Darren O’Day was brought in to face Ryan Zimmerman in a pseudo-regular season situation, and he walked Zimmerman on four pitches. However, he seemed to pitch better as he continued along in his two-inning outing, which suggests that maybe he wasn’t properly warmed up when he came into the game. In any case, I’m not yet sold on O’Day, who seems to have issues spotting the ball around the strike zone. I think his head moves around too much during his motion; if he could keep his head still, he’d probably throw more strikes.

Sean Green still doesn’t strike me as being an upgrade over Joe Smith, and I’m not even sure he’s Smith’s equal. His sinker starts at a high spot in the strike zone — about belly-button-high — and doesn’t drop much. And, I’ve yet to see a “punch-out” pitch from him, which means he’ll have to exclusively rely on ground balls for outs.


Roydrick Merritt reminds me of a lefthanded Cecilio Guante. His sidearm delivery may fool lefty hitters some day — IF he can generate just a few more MPH on that fastball, which currently sits around 88. However, it’s very tough for a sidewinder to increase velocity, because they are fighting gravity.

Casey Fossum may be the ultimate enigma. He throws nasty breaking curveballs at three different speeds — 63, 73, and 83 MPH — and he can get his fastball as high as 91. Yet, he’s incredibly hittable. His fastball is fairly straight and flat, and he rides it a little too high in the zone. He tries to make up for that by cutting it, but the result is usually a ball far out of the zone. If this guy can ever figure out what to do with his stuff, he should be successful. But it doesn’t look like that’s happening this spring.

Valerio de los Santos
does not look particularly special. His lefthandedness is the only thing keeping him in camp.

Rene Rivera

Is it me, or is every backup catcher in camp hefty ? Not that there’s anything wrong with being hefty, it just seems like there’s a specific type in mind. Personally, and from experience, I’ve always preferred catchers who were lean, nimble, and athletic, with quick feet. But what do I know?


Mets Get Madden!

During the Rule 5 Draft on Thursday, the Mets selected John Madden during the minor league phase.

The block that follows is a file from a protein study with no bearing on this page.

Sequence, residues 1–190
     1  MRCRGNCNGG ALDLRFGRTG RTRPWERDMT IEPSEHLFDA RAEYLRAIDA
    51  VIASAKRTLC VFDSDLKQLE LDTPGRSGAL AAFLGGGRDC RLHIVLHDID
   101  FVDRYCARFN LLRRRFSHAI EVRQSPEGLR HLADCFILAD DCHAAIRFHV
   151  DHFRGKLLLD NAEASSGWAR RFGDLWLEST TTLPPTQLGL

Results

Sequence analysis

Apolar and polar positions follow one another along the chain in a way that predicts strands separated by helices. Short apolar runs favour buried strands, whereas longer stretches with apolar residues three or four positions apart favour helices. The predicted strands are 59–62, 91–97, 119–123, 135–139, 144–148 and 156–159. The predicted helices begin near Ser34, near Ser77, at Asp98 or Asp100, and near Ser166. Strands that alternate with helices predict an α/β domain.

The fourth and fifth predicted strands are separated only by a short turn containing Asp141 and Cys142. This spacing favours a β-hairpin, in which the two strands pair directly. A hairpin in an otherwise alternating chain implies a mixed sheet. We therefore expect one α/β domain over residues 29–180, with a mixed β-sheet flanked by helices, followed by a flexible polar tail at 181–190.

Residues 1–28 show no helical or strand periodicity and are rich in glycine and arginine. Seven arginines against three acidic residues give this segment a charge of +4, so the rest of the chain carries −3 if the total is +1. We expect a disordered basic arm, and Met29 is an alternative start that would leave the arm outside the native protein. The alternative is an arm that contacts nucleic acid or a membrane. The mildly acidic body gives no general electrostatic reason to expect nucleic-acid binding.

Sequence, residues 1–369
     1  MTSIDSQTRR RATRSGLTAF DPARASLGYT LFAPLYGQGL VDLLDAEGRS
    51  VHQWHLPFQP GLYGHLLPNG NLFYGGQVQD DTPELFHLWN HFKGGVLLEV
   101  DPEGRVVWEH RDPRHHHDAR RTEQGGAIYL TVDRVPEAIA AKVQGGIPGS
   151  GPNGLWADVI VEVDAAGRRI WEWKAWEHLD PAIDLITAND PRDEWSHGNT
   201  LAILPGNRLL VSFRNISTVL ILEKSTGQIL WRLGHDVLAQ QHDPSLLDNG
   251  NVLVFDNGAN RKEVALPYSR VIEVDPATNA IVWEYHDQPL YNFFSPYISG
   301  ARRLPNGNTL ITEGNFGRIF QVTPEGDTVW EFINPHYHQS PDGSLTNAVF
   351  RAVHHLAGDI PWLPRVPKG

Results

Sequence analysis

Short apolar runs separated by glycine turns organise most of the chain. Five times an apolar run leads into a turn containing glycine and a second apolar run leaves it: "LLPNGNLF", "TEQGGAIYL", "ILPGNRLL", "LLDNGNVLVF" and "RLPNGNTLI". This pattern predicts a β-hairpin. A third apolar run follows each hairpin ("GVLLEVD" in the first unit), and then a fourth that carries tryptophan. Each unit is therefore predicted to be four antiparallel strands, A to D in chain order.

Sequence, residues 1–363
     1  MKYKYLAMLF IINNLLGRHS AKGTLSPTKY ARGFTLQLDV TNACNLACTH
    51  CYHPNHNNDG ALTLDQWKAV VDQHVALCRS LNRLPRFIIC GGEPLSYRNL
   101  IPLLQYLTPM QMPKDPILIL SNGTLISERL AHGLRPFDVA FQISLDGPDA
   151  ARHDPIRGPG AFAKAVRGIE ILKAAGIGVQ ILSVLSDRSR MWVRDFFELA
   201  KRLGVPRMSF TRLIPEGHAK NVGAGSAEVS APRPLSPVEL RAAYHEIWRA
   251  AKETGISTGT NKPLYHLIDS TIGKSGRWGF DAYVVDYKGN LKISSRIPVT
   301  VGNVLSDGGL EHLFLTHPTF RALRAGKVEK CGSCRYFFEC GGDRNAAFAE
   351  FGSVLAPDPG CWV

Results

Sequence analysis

No not THAT John Madden …. rather, a 6’4″ righthander out of the San Diego Padres’ system. He’s a nice pick, actually, though his numbers are a little skewed as he’s been old for the levels he’s pitched at. However, he has a herky jerky delivery and a 92-93 MPH sinker, drawing comparisons to Jeff Nelson.

Madden, however, was only one of several intriguing picks by the Mets.

Darren O'DayIn the first round of the Major League Phase — this is the one where you have to keep the guy on your roster all year — the Mets plucked righthander Darren O’Day from the Angels. O’Day just turned 25, and pitched in 30 big league games last year before suffering shoulder issues. Turns out he has a torn labrum and could be out of action for 6-8 months. So why draft him? Because he’s young, he’s talented, and the Mets can start him out on the 60-day DL while he rehabs (he’s reportedly not having surgery). To keep him in the organization, the Mets will have to put him on the 25-man for at least 90 days during 2009 — or for 90 days in 2010.

If you’ve never seen him pitch, O’Day is a lot like, well, the aforementioned Madden — a tall (6’4″) and lanky sidearmer with a deceptive delivery and a sinker-slider repertoire, a la Jeff Nelson, Ryan Madson, etc. Considering his age and his success at Florida U and in the minors, this is a smart, calculated gamble. I like it.

In the second round of the Major League Phase, the Mets took pitcher Rocky Cherry. Cherry has not shown much in 40 MLB games over the last two seasons, and will be 30 next August. He throws a really hard slider and once threw a fastball that once touched 95 but it’s straight and I don’t think he gets it up there anymore. For someone with that kind of velocity, he gets hit harder than he should — in 92 innings over the last two years in the minors, he’s allowed 86 hits. What’s strange is his walk totals are remarkably low in the minors, but abysmal in the bigs (35 BB in 48 MLB IP). Sounds to me like a confidence issue — but can it be overcome? For $50,000, it’s worth the gamble. In my mind he’s another Brian Stokes, but with one good secondary pitch rather than three inadequate ones.

In addition to Madden, the Mets also took outfielder Carl Loadenthal, out of the Braves’ system. I’ve never seen him play, but from his stats he appears to be a Jeff Duncan – type: a LH-hitting outfielder who is fleet of foot, strong in the field, no power whatsoever, decent potential to put the bat on the ball and get on base. He turns 27 at the end of this month and has played only 68 games above AA. In other words, he’s filler material for AAA Buffalo. Since the Mets have been stocking their AAA rosters with ancient hasbeens such as Benito Santiago and Ricky Ledee in recent years, the addition of Loadenthal is somewhat refreshing.

Perhaps the best pick of the draft was the one that wasn’t — no one was plucked from the Mets’ system. This surprised me, since Omar Minaya keeps insisting that their minor leagues are much better than everyone else claims. In all seriousness, I thought for sure the Pirates were going to nab Shawn Bowman, but I suppose his back issues scared them away.

Bottom line is this: Cherry, O’Day, and Madden are EXACTLY the type of minor league relievers the Mets have needed in their farm system for several years. In other words, guys who can be shuttled up and down from AAA and to take some of the load off the “main” relievers. Madden’s a minor league draftee, so he doesn’t have to stay on the 25-man all year — he can ride the Heath Bell shuttle. Cherry can make the team out of spring training, and pitch until he’s ineffective, then pave the way for O’Day, who might be ready by late June. I don’t think any of the three will be a significant contributor, but together they could eat up some garbage innings that would otherwise have to be handled by Pedro Feliciano, etc.